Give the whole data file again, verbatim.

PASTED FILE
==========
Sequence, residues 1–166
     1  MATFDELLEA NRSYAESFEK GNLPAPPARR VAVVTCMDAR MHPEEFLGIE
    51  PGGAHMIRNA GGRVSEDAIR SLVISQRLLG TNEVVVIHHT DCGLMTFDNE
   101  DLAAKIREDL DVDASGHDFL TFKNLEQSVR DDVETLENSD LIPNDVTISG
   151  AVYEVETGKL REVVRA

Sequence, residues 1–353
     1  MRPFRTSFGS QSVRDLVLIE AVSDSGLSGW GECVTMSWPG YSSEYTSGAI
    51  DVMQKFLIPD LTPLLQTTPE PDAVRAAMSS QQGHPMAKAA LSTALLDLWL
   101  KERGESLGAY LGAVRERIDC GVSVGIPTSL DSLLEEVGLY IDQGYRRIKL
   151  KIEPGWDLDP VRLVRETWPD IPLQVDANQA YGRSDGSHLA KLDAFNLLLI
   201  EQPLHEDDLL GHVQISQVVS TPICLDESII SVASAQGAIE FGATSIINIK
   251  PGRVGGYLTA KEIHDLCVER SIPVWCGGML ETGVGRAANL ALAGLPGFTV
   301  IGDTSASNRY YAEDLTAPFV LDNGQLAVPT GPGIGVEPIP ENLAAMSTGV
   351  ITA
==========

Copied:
Sequence, residues 1–166
     1  MATFDELLEA NRSYAESFEK GNLPAPPARR VAVVTCMDAR MHPEEFLGIE
    51  PGGAHMIRNA GGRVSEDAIR SLVISQRLLG TNEVVVIHHT DCGLMTFDNE
   101  DLAAKIREDL DVDASGHDFL TFKNLEQSVR DDVETLENSD LIPNDVTISG
   151  AVYEVETGKL REVVRA

Sequence, residues 1–353
     1  MRPFRTSFGS QSVRDLVLIE AVSDSGLSGW GECVTMSWPG YSSEYTSGAI
    51  DVMQKFLIPD LTPLLQTTPE PDAVRAAMSS QQGHPMAKAA LSTALLDLWL
   101  KERGESLGAY LGAVRERIDC GVSVGIPTSL DSLLEEVGLY IDQGYRRIKL
   151  KIEPGWDLDP VRLVRETWPD IPLQVDANQA YGRSDGSHLA KLDAFNLLLI
   201  EQPLHEDDLL GHVQISQVVS TPICLDESII SVASAQGAIE FGATSIINIK
   251  PGRVGGYLTA KEIHDLCVER SIPVWCGGML ETGVGRAANL ALAGLPGFTV
   301  IGDTSASNRY YAEDLTAPFV LDNGQLAVPT GPGIGVEPIP ENLAAMSTGV
   351  ITA